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The US reportedly plans to send special forces to Syria to fight ISIL

Reuters/Umit Bektas
There will be American boots on this ground, after all.
By Svati Kirsten Narula
Published Last updated This article is more than 2 years old.

This story is developing and will be updated as warranted.

Marking what the Obama administration is expected to describe as a “shift” in strategy, the US reportedly plans to deploy a small cohort of special operations forces to northern Syria, where American efforts to weaken the Islamic State have failed so far.

The White House will announce the move sometime today (Oct. 30), according to unnamed senior officials quoted by NBC News, ABC News, and the Wall Street Journal. The WSJ report says that up to 50 commandos will be involved. ABC says that president Barack Obama has authorized “between 50 and 100“ special operations forces, and that these troops will not be in combat or on the front lines. They’ll be working with the rebel group known as the Syrian Arab Coalition.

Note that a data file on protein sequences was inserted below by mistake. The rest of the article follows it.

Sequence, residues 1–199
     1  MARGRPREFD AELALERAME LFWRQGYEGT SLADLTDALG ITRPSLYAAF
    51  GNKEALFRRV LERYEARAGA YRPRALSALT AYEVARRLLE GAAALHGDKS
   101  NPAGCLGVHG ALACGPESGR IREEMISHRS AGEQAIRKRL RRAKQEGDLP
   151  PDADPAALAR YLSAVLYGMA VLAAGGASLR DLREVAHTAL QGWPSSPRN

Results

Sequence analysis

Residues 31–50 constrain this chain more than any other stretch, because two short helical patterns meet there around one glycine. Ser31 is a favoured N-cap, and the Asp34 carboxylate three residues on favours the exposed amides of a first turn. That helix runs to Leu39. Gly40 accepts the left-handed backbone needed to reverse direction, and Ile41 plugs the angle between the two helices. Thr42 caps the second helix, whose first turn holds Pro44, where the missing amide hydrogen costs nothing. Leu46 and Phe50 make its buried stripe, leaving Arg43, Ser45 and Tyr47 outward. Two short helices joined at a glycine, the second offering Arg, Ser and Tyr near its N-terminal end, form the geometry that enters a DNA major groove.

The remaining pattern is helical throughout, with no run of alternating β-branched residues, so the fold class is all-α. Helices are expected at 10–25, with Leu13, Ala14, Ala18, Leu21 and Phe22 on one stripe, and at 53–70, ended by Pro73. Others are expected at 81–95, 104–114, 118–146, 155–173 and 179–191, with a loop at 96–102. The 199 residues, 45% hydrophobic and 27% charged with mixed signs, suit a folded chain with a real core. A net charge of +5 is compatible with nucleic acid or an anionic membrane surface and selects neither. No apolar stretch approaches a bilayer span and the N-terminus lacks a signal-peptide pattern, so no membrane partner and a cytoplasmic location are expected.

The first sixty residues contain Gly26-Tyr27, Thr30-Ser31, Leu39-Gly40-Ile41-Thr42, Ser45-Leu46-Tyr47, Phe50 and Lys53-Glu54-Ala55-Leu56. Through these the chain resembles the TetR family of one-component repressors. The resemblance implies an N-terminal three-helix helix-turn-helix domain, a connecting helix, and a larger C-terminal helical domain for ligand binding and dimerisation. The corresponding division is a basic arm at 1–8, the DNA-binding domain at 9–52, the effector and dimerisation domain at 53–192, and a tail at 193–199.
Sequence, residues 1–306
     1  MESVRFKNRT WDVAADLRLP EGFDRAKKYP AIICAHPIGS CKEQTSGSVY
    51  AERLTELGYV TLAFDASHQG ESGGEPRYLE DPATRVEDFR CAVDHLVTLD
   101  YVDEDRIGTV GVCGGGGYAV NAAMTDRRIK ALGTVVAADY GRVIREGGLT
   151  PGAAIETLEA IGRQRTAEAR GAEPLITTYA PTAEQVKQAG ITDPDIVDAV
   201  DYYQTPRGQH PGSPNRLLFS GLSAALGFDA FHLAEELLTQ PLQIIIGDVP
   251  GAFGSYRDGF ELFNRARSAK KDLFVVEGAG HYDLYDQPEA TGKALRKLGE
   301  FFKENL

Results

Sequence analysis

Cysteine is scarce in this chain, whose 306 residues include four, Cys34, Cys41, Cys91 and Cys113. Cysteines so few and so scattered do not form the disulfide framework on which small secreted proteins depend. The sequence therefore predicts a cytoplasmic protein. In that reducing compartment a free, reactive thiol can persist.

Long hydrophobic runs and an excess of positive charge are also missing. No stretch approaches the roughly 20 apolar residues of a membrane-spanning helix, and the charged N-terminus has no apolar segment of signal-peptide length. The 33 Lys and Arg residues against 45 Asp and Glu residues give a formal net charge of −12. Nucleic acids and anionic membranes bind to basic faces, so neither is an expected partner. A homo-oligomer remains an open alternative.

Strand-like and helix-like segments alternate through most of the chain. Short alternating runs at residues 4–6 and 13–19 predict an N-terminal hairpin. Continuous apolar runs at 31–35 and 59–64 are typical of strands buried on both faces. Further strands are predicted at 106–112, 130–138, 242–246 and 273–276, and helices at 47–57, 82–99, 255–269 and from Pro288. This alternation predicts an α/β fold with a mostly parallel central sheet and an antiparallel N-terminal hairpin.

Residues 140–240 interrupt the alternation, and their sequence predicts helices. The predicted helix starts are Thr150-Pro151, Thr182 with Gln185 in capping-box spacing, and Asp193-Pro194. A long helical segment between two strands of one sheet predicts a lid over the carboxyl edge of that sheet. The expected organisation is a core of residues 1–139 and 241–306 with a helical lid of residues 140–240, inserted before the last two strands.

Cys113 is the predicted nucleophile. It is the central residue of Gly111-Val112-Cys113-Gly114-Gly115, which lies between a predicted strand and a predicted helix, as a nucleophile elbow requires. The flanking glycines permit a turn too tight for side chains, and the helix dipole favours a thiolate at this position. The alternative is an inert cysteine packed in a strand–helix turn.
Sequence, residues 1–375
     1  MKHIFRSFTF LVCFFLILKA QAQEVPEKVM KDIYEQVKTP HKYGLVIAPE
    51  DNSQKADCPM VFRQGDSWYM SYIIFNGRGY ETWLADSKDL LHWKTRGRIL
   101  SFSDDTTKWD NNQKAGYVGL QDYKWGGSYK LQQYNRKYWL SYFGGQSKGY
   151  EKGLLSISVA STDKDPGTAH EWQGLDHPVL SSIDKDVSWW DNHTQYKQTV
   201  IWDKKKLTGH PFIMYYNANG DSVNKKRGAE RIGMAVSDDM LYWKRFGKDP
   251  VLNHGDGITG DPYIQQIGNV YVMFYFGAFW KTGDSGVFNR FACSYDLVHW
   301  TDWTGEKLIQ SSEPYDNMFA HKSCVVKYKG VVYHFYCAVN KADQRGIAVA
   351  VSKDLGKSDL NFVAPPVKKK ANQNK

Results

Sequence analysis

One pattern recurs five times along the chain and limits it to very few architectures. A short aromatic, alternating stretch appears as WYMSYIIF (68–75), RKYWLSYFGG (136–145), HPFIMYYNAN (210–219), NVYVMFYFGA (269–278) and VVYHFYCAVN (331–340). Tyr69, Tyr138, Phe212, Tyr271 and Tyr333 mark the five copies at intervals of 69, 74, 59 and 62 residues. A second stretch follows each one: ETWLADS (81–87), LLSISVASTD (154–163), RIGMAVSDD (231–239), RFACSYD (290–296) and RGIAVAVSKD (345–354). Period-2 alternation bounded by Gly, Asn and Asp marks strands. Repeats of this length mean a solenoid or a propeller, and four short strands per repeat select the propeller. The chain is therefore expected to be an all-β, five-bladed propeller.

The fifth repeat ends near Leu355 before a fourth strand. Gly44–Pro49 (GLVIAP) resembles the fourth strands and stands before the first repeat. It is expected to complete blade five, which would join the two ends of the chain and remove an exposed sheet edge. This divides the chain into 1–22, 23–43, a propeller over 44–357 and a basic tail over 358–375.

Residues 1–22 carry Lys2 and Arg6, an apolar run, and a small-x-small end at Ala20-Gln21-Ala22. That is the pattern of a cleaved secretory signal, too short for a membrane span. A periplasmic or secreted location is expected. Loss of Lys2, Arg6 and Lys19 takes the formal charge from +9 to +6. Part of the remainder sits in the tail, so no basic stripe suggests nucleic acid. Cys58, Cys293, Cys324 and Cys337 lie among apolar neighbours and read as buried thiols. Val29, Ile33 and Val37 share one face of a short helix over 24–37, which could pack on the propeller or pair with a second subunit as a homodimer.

An unnamed source also told ABC that the administration has ”no intention of engaging in long-term, large-scale combat operations the likes of which we previously saw in Iraq and Afghanistan.”

The administration recently announced the shuttering of its $500 million effort to train rebel fighters against ISIL.

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